Africa’s future lies in free movement of goods, people

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BY PHYLLIS WAKIAGA

Someone once asked me what I know about Angola, and I excitedly started to list all the things I had seen, and read in numerous books and watched in TV channels. When I was finished, she asked me if I had been to Angola and if I know these things to be true. I said I hadn’t. She then remarked that it was a pity that we Africans know about each other from what other people tell us.

In that moment and in the context of her statement I understood the gravity of the issue. That what we hear and see about our trading partners are things that may be far from reality when we visit and trade together. We are unaware of the opportunities that exist within Africa yet we are a home to world leading economies in resource abundance and high market potential.

Last week’s state visit by Nigerian President His Excellency Muhammadu Buhari, a year after his predecessor, shows the increasing realisation by African leaders of intra-Africa trade and investment opportunities. While Kenya is a member of the East Africa Community (EAC), the Common Market for Eastern and Southern Africa (COMESA) and the Tripartite Free Trade Area (TFTA), Nigeria is a member of the Economic Community of West African States (ECOWAS). Both the Tripartite and ECOWAS regional trading blocs constitute a market opportunity of about 950 million people out of the Africa population of about 1.1 billion people.

The two countries or regions have the opportunity to speed the realisation of the Africa continental free trade area expected to be achieved by 2028. Towards this end, Kenya and Nigeria signed a bilateral trade agreement on 6th September, 2013 with the objective to enhance trade and investments in agriculture and agro industry, horticulture, manufacturing, solid minerals, tourism, oil and gas and financial services. A Kenya Nigeria joint business council has been established to oversee improvement of trade and investment between the two countries.

Kenya has a competitive advantage, in part, in agriculture and agro processing while Nigeria is rich in the extractive and solid mineral sectors forming a strong basis for trade and investment development. Over the last decade, Kenya exports average Sh2 billion while imports averages Sh313 million between 2004 and 2014 making Nigeria a significant trading partner for Kenya. The two Countries have committed to double their trade and investment levels in five years. In 2014, Kenya’s share of world exports was 0.03 percent. 33.5 percent of these exports are from the manufacturing sector.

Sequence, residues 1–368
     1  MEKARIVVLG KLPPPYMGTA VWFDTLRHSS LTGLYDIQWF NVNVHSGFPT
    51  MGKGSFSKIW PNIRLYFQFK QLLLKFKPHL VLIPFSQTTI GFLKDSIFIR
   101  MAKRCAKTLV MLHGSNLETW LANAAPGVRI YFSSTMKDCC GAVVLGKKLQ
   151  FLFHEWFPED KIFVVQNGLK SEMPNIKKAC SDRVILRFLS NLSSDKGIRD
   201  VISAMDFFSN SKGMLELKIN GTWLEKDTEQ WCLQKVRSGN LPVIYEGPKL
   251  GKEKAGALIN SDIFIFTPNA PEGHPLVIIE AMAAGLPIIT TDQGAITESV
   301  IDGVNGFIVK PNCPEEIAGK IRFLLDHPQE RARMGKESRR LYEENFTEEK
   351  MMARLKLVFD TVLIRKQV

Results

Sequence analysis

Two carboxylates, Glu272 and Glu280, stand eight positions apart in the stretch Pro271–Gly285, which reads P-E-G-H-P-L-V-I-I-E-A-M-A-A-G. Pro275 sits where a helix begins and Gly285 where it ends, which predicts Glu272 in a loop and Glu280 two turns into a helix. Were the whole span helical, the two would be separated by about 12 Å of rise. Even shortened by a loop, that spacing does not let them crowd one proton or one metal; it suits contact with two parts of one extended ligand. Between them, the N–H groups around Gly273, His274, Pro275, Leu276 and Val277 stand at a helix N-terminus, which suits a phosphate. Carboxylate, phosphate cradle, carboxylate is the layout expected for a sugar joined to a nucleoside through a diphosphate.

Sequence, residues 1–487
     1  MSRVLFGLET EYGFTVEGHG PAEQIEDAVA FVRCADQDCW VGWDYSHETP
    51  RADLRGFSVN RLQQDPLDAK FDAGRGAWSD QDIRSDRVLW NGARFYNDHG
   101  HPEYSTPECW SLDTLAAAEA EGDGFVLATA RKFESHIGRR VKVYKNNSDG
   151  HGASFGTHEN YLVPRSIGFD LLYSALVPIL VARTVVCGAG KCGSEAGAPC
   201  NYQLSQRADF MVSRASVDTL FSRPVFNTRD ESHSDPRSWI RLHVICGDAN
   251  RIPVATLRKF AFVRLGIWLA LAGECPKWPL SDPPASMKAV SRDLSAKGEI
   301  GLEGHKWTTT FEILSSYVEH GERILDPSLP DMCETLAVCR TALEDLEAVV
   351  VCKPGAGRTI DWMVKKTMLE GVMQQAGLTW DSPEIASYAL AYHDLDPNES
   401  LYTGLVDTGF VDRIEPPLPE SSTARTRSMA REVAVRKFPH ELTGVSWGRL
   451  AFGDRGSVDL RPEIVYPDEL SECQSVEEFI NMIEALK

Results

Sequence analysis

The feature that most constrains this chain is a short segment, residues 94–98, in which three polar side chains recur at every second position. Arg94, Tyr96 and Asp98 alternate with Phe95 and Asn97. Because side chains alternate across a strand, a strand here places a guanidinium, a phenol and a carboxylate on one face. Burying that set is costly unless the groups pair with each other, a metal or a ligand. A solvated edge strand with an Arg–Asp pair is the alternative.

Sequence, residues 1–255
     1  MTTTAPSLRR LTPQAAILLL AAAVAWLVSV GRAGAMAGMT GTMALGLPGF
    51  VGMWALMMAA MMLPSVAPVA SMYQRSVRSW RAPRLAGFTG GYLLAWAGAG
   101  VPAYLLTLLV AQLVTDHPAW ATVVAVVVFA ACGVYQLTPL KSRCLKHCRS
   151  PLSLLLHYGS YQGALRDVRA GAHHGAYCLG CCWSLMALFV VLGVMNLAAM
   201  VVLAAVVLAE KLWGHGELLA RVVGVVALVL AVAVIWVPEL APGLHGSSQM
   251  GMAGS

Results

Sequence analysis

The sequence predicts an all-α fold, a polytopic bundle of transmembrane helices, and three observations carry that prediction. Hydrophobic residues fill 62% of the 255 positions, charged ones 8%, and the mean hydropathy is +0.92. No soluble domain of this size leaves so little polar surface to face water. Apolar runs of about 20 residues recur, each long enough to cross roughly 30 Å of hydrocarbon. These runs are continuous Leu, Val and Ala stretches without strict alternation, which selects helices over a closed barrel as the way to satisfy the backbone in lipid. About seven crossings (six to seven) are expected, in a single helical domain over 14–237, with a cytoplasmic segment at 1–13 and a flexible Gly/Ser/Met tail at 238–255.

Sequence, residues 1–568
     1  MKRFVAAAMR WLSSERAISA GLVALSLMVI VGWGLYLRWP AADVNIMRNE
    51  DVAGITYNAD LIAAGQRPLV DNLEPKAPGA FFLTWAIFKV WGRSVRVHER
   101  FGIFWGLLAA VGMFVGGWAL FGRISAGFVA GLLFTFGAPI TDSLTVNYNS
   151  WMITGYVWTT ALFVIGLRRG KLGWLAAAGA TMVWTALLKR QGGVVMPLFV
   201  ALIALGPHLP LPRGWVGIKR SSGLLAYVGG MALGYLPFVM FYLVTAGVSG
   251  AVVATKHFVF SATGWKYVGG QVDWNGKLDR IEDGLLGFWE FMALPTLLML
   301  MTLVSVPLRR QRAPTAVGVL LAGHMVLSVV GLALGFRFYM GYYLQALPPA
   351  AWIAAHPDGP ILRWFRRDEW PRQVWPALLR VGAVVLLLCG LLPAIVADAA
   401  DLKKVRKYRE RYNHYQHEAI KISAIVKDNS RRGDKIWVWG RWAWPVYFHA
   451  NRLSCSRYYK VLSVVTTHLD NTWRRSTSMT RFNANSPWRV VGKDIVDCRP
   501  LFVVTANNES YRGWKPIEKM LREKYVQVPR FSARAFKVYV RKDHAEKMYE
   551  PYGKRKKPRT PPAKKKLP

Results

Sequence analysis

On the other hand, the countries share of world imports is 0.10 percent pointing to the growing trade imbalance with surging imports. Africa share of global trade is 2 percent which is still low. There therefore an enormous potential to enhance Kenya’s with the rest of Africa particularly in growing the manufacturing sector with a view to enhance exports of value added products.

Kenya and Nigeria are examples of many African countries that have shown interest to trade among each other. There is increasingly growing interest by other African countries to trade with Kenya including Ethiopia, South Africa, Angola, Democratic Republic of Congo, Egypt, Ghana, Tunisia, Algeria, Sudan, South Sudan, Morocco, Democratic Republic of Congo (DRC) and Mauritius.

The deepening of regional integration in Africa has also positioned the continent as a leading destination for trade and investments to Countries in Europe, North America and Asia. There are initiatives such as the Indian Ocean Rim Association, the African Growth and Opportunity Act (AGOA) and Economic Partnerships Agreements (EPAs) which are aimed at enhancing trade and investment between Africa and the rest of the world.

Africa full potential in trade and investment is however constrained by many challenges that are yet to be addressed which include inadequate infrastructure, existence of tariffs and nontariff barriers, high costs of energy, overlapping regional trading arrangements, perennial conflicts, illicit and counterfeit trade, stringent regulatory environment, tariff escalations, dumping, and inefficient ports. The 2014 DHL Global Connectedness Index, and the world bank logistics performance index respectively shows the African continent as the least globally connected and least logistically efficient region in the World reducing the gains from intra-Africa trade and investments. Further, Africa continues to rely on exports of raw products to traditional markets.

Further, with the surge in importation of competitive products in a liberal economy, value addition of exports has continued to contract inhibiting the growth of the manufacturing sector. The manufacturing sector is key to Africa economic growth needing more support by the governments within the existing national and global best practices. Africa economic growth and development lies with maximizing the intra-Africa trade and investment opportunities. African governments need to invest more in addressing the challenges that will enhance intra-African trade both in the medium and long term.

(The writer is the CEO of the Kenya Association of Manufacturers and can be reached on [email protected])

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